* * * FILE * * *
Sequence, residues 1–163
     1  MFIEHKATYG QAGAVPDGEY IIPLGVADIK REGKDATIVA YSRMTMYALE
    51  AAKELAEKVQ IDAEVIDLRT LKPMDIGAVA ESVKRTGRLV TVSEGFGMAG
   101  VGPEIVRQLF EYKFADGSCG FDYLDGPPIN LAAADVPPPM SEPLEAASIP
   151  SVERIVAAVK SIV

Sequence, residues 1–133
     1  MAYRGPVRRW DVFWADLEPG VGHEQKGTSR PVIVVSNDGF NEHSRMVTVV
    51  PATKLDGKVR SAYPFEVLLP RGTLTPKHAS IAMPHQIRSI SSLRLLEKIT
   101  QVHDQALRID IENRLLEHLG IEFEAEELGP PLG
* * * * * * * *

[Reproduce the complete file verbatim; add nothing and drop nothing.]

Sequence, residues 1–163
     1  MFIEHKATYG QAGAVPDGEY IIPLGVADIK REGKDATIVA YSRMTMYALE
    51  AAKELAEKVQ IDAEVIDLRT LKPMDIGAVA ESVKRTGRLV TVSEGFGMAG
   101  VGPEIVRQLF EYKFADGSCG FDYLDGPPIN LAAADVPPPM SEPLEAASIP
   151  SVERIVAAVK SIV

Sequence, residues 1–133
     1  MAYRGPVRRW DVFWADLEPG VGHEQKGTSR PVIVVSNDGF NEHSRMVTVV
    51  PATKLDGKVR SAYPFEVLLP RGTLTPKHAS IAMPHQIRSI SSLRLLEKIT
   101  QVHDQALRID IENRLLEHLG IEFEAEELGP PLG